Within Mrs. America’s Episode Two, Gloria Steinem’s party celebrates the debut of the first issue of Ms. magazine. Mrs. America captures the front cover perfectly. Hindu goddess Kali rallies the fight against the Christian principles America was founded upon.
In the episode, Steinem states, “Those are tears streaming down her face because she has to juggle all the demands of her work and marriage.”
As a goddess, Kali represents death, violence, mother nature, and sexuality. Traditionally, Kali dons “a skirt of severed human arms, a necklace of decapitated human heads, and earrings of dead children…a lolling tongue which drips blood.” One can see that the heads are always male.
Boldly enough, the Spring 1972 preview edition of Ms. portrays Kali as pregnant bearing household weapons instead of the traditional weapons in Hinduism. Despite this guise, feminists clearly are dabbling in paganism.
Jane O’ Reilly’s, “The Housewife’s Moment of Truth,” featured in the pages bound by this gruesome cover, describes enlightenment through a “Workshop in Approaching Unisexuality.” Men and women “began to evolve into the animal that most expressed our own ideas of ourselves–of our sensual selves.” She continues to describe her transformation into a black cat and another woman’s transformation into a snake apparently meaning that she “became a housewife.”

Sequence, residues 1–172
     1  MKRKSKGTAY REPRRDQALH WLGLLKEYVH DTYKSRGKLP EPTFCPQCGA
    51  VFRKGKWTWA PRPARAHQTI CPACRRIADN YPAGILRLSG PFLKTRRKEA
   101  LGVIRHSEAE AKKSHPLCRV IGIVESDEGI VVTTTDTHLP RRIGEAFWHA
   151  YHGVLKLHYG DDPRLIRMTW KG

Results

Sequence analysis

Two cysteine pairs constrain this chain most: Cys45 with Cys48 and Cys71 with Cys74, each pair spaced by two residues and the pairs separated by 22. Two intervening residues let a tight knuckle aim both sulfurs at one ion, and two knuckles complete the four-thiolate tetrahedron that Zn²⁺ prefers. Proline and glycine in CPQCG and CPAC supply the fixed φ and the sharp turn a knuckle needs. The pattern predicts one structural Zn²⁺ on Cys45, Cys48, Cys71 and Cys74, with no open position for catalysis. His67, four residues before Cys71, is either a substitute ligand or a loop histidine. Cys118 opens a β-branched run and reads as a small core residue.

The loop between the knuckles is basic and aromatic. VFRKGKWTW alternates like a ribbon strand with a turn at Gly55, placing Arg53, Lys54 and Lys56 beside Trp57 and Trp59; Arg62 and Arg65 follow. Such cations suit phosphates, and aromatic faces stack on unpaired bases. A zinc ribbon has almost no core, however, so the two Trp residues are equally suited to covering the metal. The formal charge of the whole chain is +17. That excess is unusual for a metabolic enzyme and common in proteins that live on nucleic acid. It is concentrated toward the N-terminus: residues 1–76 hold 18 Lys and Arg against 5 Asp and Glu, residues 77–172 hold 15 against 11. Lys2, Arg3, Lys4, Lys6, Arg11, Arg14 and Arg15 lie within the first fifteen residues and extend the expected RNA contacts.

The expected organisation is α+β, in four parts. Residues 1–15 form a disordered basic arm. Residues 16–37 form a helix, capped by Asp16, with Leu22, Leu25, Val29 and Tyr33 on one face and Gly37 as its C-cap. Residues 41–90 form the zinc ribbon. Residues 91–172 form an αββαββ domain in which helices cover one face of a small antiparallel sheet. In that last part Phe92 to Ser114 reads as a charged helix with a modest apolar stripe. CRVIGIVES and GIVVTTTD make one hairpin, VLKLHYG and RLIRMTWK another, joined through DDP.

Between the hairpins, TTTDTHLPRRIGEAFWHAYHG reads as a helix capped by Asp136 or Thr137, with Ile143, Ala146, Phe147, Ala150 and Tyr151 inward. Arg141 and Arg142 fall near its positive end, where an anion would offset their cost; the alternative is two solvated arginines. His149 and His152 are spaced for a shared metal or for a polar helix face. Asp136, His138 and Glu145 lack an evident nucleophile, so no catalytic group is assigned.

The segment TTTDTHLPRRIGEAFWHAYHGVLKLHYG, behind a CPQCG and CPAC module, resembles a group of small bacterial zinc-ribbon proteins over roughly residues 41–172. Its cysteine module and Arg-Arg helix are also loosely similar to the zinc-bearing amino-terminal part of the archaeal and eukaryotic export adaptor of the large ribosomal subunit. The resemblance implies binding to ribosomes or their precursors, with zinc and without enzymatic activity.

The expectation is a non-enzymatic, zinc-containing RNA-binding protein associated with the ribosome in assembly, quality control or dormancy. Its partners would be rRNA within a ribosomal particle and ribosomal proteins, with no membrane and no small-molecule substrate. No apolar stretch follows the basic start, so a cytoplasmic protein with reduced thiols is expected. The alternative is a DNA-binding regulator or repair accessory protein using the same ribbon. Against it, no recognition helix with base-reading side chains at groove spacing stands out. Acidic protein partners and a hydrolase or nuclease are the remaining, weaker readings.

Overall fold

O’Reilly’s article and Letty Cottin Pogrebin’s, “Down With Sexist Upbringing” emphasize unisexuality, homosexuality, power, and influencing children to accept genderless roles. The intent to destroy traditional family values coincides with Kali’s bloodlust and violent nature.
Phyllis observed, “Women’s libbers are trying to make wives and mothers unhappy with their career, make them feel that they are ‘second-class citizens’ and ‘abject slaves.’” She was right! Throughout O’Reilly’s and Pogrebin’s articles, women are encouraged to enhance, “The liberated society–with men, women, and children living as whole human beings, not halves divided by sex roles.” Instead of sexual differences being embraced as unique, feminism promotes these differences as burdensome and problematic.
The feminists use Kali as a symbol of an enraged housewife fighting for her freedom. They claim that their cause liberates women, men, and children. Merging two distinct genders as one does not bring freedom, but chaos. As a goddess of “Mother Nature” and death, the feminists’ love of Kali reveals their intent to dismantle the traditional American family as we know it.